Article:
The Chinese ambassador to Jakarta certainly found himself in great demand over the incident when, as if to re-establish diplomatic protocol, Marsudi said she too would summon him. But by this stage even Indonesia’s defense minister, Ryamizard Ryacudu, had told the media he would summon the Chinese ambassador. President Joko, for his part, quickly instructed Luhut B Pandjaitan, the then coordinating minister for political, legal and security affairs, to “take necessary steps to deal with the incident.” But he stressed that China “remains Indonesia’s friend.” Yet to demonstrate what kind of friendship he had in mind, Joko immediately dispatched naval ships to the Natunas.

In the wake of the March incursion, only Fisheries Minister Pudjiastuti displayed a consistently tough stance on China. The following month, she ordered the destruction of a Chinese fishing vessel, along with 40 other vessels, caught fishing illegally in Indonesian waters. Although she had instituted the practice of destroying foreign boats caught in Indonesian waters illegally in late 2014, it was the first time a Chinese vessel had been destroyed in this way. Noteworthy was the fact that the Chinese vessel in question had been in Indonesian detention since 2009. It is interesting that its destruction was given the go-ahead after the March incident, indicative of a change of attitude at the highest level of the Indonesian government toward China’s threat in its northern waters.

In response to the vessel’s destruction, the Chinese Foreign Affairs Ministry expressed “serious concern.” However, less than two weeks later, another standoff ensued, this time involving the Indonesian Navy, which had started patrolling the area. A Van Speijk-class frigate, KRI Oswald Siahaan, intercepted and fired shots at a Chinese fishing trawler, the Gui Bei Yu 27088, which had been spotted off the Natuna Islands. The frigate proceeded to seize the Chinese vessel and arrested its eight crew members.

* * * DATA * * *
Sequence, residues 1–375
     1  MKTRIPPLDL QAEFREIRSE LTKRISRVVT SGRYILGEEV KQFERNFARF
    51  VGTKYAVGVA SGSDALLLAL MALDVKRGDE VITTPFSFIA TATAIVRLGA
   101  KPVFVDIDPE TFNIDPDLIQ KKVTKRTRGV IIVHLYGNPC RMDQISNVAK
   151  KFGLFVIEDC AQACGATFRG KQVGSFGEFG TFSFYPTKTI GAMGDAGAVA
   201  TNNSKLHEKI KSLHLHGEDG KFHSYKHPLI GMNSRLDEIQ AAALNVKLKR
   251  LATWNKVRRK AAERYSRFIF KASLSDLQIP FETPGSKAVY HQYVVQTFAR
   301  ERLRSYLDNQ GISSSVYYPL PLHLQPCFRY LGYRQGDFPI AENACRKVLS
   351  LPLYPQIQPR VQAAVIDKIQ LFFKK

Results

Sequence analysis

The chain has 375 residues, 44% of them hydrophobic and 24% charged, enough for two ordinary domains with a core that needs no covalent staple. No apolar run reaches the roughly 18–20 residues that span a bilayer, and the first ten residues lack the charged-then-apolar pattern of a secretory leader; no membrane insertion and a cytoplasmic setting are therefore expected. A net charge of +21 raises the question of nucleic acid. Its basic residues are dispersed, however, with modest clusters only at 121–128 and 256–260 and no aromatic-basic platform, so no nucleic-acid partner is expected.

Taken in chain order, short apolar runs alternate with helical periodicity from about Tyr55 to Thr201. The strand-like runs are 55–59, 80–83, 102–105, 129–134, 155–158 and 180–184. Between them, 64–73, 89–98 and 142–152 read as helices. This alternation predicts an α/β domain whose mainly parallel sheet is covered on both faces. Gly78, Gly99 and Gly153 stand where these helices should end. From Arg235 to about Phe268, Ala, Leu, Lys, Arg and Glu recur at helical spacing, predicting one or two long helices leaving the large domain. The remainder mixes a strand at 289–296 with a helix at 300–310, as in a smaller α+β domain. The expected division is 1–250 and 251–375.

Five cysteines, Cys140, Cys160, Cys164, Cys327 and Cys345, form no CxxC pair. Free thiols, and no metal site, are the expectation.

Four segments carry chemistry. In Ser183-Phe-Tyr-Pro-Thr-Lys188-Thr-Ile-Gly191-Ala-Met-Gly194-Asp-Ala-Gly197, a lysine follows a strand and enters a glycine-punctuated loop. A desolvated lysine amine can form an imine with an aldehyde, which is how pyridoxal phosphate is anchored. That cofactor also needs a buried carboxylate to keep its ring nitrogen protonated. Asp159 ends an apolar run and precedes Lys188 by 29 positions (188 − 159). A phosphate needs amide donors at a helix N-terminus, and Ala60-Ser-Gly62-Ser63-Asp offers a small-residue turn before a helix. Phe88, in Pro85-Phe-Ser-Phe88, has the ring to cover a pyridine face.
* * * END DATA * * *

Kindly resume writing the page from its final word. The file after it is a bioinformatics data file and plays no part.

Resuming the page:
Beijing swiftly protested the use of military weapons against a Chinese vessel, which represented an escalation in the lethality of Indonesia’s response. Yet, somehow, the message failed to sink in as a third incursion occurred in mid-June, when the Parchim-class corvette KRI Imam Bonjol 383, the very same ship aboard which Joko would later hold his gunboat cabinet meeting, encountered a fleet of 12 Chinese fishing vessels well within Indonesia’s exclusive economic zone.

The Imam Bonjol fired warning shots at the fleet and pursued and impounded one ship and seven crew members in Riau. Responding to the incident, Hua Chunying, a spokeswoman for the Chinese Ministry of Foreign Affairs, accused Indonesia of violating international law, including the UN Convention on the Law of the Sea and the Declaration on the Conduct of Parties in the South China Sea (DOC), by firing on the Chinese fleet. Although Point 4 of the 2002 DOC between Asean members and China does indeed forbid the use of force in resolving disputes, the provision was already broken by China as far back as 2013 when Chinese Coast Guard vessels forcibly relieved an Indonesian Ministry of Maritime Affairs patrol boat of its captive Chinese fishing vessel that had been caught in an operation off the Natunas. By this stage, judging by the invocation of the DOC, China considered Indonesia a disputant in the South China Sea. For a nation seemingly paranoid about being humiliated by foreign powers, China had a difficult choice of refraining from or reasserting its “traditional rights.”